By Minda Honey
Track 5 – “Rainbows” by James Lindsey FEAT. Cicily Bullard
In January of 2017, James Lindsey performed at the ninetieth anniversary party for the Speed Art Museum in Louisville. It was appropriate that the performance doubled as an album release party for his EP Same Sky, containing the first new tracks from Lindsey following a four-year hiatus. The museum, the largest art museum in Kentucky, was reopening after a major remodel and expansion, and it had been closed for as long as Lindsey had been quiet. I’d followed Lindsey’s career from California but had recently moved home. This would be my first time catching him playing live. Louisville had grown while I was away, and I wondered in what ways Lindsey had grown as an artist. He pulled the title and the vibe for his EP from one of his new lyrics. “Might not all pray to the same God, have the same taste, but we got the same sky,” he sings in “Rainbows.”
Previously, Lindsey, who is now thirty-one, recorded under the moniker JaLin Roze, but he made his return to the local music scene using his birth name and with a renewed sense of authenticity. He says he retired the name from his youth to be seen fully as an artist, as more than just a rapper. I wonder if he knows that Wordsworth wrote an ode to rainbows, too, describing them as a reminder that the natural world has and will always fill him with joy. “The Child is the father of the Man,” Wordsworth writes. We are all shaped by our youth. James Lindsey. JaLin Roze. James Lindsey. Louisville’s son, we see you.
When Lindsey raps “I’m talking rainbows,” I think he must be talking black joy. I think he must be talking the kind of rainbow you see in the shimmer-swirl of color that floats over the curve of a soap bubble. How alike they are, soap bubbles and black joy: Beautiful. Carefree. Tenuous. Lindsey says that “Rainbows” is about mass incarceration, about a cousin who came home after ten years in prison. (“Ain’t it crazy how the chips fall, how a pit stop can turn into a pitfall. See, that coulda been me on the other side.”) On his release day, his cousin must have been like a soap bubble: Beautiful. Carefree. Tenuous. Lindsey must have seen it all in his cousin and in himself, too.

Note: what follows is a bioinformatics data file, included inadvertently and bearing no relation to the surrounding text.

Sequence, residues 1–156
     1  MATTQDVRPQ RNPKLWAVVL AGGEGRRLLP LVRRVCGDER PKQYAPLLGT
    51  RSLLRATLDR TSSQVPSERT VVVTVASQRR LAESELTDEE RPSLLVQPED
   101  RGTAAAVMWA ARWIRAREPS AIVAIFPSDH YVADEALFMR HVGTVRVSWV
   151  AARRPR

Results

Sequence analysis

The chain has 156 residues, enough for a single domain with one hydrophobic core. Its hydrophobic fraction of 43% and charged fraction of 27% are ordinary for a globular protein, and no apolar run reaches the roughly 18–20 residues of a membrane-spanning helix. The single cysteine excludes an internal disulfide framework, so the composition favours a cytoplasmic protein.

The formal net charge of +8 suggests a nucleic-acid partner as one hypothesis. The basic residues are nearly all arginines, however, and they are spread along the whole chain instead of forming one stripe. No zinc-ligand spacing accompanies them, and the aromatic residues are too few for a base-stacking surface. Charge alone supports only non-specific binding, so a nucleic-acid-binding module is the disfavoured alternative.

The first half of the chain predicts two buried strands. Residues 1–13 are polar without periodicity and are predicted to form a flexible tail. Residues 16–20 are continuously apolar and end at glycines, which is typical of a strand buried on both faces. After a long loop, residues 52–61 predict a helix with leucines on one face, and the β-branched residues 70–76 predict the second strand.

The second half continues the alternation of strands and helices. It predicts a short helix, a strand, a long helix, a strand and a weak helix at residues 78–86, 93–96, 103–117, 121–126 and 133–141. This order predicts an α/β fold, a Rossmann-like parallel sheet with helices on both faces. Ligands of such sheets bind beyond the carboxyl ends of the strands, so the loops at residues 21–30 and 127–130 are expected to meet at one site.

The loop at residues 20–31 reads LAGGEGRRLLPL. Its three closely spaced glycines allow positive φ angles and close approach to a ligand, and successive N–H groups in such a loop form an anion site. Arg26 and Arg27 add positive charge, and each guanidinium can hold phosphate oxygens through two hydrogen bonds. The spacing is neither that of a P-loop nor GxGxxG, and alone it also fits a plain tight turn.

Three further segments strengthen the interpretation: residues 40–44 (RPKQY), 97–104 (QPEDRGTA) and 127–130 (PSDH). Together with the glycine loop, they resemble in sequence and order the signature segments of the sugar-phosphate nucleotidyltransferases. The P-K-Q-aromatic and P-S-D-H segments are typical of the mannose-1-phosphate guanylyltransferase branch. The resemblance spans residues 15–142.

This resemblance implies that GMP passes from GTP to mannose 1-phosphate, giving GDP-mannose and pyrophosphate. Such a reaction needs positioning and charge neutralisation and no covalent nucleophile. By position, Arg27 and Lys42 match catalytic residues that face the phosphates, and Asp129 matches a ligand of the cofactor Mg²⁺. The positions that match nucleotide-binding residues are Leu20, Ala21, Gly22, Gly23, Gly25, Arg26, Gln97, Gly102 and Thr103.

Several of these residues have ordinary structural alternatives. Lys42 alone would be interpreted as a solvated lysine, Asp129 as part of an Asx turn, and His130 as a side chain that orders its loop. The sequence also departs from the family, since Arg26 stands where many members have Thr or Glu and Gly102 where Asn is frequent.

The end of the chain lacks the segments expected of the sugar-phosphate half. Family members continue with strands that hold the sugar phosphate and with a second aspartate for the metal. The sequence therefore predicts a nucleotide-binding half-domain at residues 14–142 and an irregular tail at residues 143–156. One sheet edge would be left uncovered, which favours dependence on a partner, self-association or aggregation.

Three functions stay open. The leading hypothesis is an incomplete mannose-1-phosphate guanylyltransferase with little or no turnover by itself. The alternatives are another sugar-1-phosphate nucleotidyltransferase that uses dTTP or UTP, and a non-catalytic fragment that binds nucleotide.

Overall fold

You can hear it in the song. An angel comes to Lindsey. “It spoke and told me after rain it comes the shine”—words of comfort. Then warning: “New day, same shit, same hood, same clique, same whip, same sky, comes after the rain.” As the song goes on, Lindsey rattles off his dreams for the future, the dreams that keep him moving forward. To be black and joyful in America is to be resilient—always.
Rainbows are both promise and illusion. The Bible tells us of Noah and the Flood and the covenant between God and Man, that never again will we be destroyed by rain. Science tells us that rainbows are nothing more than sunlight refracting off water droplets in the sky.
Even when we can’t see the sky, we can see rainbows. We see them in the curve of soap bubbles and in water resting on oil slicks. How many rainbows did Lindsey’s cousin see in the ten years he was locked away? How many reminders of beauty, of his humanity, did he have while shackled by a society that would have him believe he is less than a man? What did he see in the sky the day he walked free?
When Lindsey performed “Rainbows” at the Speed, black joy emanated from the stage. We could feel church rise up in that room; we became a congregation with arms raised in praise. Inside the museum, there was no arc of color, no sky; the wall-to-wall, floor-to-ceiling windows let in only night. But when we looked to Lindsey and he angled the mic toward his face, we could see the light shining on him: promise. James Lindsey. JaLin Roze. James Lindsey. Louisville’s son, we see you. All of you.